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Laura Baugh

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March 3, 1986 | RICH ROBERTS, Times Staff Writer
Laura Baugh had promised champagne for the press if she won the Uniden LPGA Invitational. Sunday night the champagne was back in the case, but the tears flowed like wine. Baugh's first pro golf victory seemed so near she could taste it when she entered Sunday's final round with a four-stroke lead at Mesa Verde Country Club in Costa Mesa. When it was over she had come just close enough to break her heart.
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SPORTS
September 16, 2006 | Grahame L. Jones, Times Staff Writer
When Kimberly Kim stepped to the final tee at Pumpkin Ridge Golf Club's Witch Hollow course in Oregon last month, Laura Baugh was home in Orlando, Fla., watching intently on TV. Was Baugh cheering Kim on or cringing at each shot? "A little of both, actually," said Baugh, who 35 years ago became the youngest golfer to win the U.S. Women's Amateur tournament. But when Kim sank a five-foot birdie putt to clinch the same title, Baugh's record was history.
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SPORTS
August 9, 1991 | Associated Press
Laura Baugh, seeking her first victory in 17 years on the LPGA tour before she leaves to have her fourth child, tied for the first-round lead Thursday in a $450,000 LPGA tournament at Stratton Mountain, Va. Baugh and last week's winner, Deb Richard, matched strokes in the same threesome for four-under-par 68s, and Rosie Jones came in moments later with the same score.
SPORTS
August 7, 1999
One man's opinion: Anna Kournikova is the Laura Baugh of tennis. JOE LYOU Gardena
SPORTS
March 1, 1986 | GENE WOJCIECHOWSKI, Times Staff Writer
That pussycat of a course known earlier in the week as Mesa Verde Country Club grew fangs and claws during Friday's second round of the $330,000 Uniden LPGA Invitational golf tournament. The leader board, once cluttered with four co-leaders and another 16 players within three shots, became spacious and roomy. By day's end, Laura Baugh had the lead, and just seven other players were within three strokes.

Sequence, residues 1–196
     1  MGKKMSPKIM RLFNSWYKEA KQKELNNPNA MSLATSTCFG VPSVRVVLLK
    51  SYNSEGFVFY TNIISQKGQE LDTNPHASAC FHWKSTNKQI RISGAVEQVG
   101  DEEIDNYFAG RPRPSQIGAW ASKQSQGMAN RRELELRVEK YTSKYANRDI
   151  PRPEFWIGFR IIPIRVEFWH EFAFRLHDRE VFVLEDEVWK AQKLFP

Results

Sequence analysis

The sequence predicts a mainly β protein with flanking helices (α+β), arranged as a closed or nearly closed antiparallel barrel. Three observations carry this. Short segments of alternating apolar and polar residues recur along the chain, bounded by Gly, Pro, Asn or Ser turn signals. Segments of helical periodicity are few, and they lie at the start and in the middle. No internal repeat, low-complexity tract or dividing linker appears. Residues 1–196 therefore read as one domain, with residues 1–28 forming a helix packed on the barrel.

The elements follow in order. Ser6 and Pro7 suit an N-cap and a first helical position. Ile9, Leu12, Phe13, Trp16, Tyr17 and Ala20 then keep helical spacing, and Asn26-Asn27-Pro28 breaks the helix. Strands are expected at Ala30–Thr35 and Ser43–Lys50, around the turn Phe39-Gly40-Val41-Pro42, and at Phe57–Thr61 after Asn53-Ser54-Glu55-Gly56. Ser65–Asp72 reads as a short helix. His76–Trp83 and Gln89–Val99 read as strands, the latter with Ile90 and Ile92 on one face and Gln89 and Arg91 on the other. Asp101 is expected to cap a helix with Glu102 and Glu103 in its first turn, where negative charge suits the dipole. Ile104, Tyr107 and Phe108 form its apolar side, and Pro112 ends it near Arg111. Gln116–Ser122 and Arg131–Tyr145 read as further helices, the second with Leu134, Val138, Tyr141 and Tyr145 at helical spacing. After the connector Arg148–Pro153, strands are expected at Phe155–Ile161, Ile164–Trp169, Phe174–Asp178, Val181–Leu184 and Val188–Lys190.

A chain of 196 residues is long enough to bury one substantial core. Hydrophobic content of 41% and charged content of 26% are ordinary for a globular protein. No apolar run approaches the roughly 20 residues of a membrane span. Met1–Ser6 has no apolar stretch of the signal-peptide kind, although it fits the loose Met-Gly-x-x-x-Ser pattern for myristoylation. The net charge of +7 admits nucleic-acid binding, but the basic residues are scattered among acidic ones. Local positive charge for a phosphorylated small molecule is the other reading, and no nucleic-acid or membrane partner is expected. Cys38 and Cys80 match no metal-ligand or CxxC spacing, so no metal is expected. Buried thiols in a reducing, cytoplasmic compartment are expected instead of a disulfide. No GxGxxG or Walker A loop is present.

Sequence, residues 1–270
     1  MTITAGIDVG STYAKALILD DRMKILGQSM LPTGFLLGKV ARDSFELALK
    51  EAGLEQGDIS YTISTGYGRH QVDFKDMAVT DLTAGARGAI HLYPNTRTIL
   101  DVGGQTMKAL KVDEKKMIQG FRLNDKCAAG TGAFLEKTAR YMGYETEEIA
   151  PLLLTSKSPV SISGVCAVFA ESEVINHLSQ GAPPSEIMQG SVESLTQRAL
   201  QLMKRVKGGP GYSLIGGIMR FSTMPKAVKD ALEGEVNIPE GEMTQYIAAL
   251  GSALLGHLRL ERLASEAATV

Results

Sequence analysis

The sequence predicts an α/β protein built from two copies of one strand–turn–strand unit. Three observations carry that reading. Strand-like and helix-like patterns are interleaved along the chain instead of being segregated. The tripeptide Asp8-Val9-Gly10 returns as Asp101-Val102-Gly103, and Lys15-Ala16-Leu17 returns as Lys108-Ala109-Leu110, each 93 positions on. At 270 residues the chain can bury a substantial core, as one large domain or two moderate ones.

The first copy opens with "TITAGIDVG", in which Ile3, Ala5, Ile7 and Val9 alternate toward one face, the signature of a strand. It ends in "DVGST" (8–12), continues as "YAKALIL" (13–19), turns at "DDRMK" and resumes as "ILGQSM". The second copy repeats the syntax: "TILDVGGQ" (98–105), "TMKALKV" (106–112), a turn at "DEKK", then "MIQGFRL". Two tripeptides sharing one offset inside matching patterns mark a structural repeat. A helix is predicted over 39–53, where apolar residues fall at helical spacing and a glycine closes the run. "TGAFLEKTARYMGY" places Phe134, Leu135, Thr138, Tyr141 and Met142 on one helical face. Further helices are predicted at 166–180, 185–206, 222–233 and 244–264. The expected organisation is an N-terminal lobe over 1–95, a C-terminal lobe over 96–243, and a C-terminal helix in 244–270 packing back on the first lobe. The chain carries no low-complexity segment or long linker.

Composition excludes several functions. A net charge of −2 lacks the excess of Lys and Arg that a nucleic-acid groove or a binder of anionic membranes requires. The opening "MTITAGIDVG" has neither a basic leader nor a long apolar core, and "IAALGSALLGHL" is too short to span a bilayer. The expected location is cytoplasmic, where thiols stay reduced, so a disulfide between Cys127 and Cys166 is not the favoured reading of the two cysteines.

SPORTS
September 16, 2006 | Grahame L. Jones, Times Staff Writer
When Kimberly Kim stepped to the final tee at Pumpkin Ridge Golf Club's Witch Hollow course in Oregon last month, Laura Baugh was home in Orlando, Fla., watching intently on TV. Was Baugh cheering Kim on or cringing at each shot? "A little of both, actually," said Baugh, who 35 years ago became the youngest golfer to win the U.S. Women's Amateur tournament. But when Kim sank a five-foot birdie putt to clinch the same title, Baugh's record was history.
SPORTS
August 7, 1999
One man's opinion: Anna Kournikova is the Laura Baugh of tennis. JOE LYOU Gardena
SPORTS
March 14, 1986 | JIM MURRAY
It is well established that golf is far and away the most frustrating of games that people play. Life is not fair, but golf is ridiculous. Its role is anti-history all the way. It is the Dracula of sports. You can hear its mocking laughter echoing over the sand traps and water hazards long after the golfers have slammed their spiked shoes into the lockers and cursed the fate that made them take up the game in the first place.
SPORTS
July 19, 1985
Laura Baugh made a hole in one on the par-3 16th hole on her way to shooting a 67 on Thursday to grab a one-stroke lead after the first round of the $225,000 LPGA Boston Five tournament at Danvers, Mass. Baugh hit a 5-iron into the cup on the fly at the 158-yard hole at the Radisson Ferncroft Country Club. It was her fifth lifetime ace and second as a professional. "All of my holes in one have been good shots. This one flew into the hole without hitting anything," Baugh said.
SPORTS
March 3, 1986 | STEVE LOWERY, Times Staff Writer
The final round of the Uniden LPGA Invitational at Mesa Verde Country Club was devoid of one bastion of American sport. Booing. People just do not boo at golf tournaments. Spectators do not try to distract players putting by waving their arms the way they do to a basketball player shooting a free throw. They are horribly courteous to everyone.
SPORTS
August 9, 1991 | Associated Press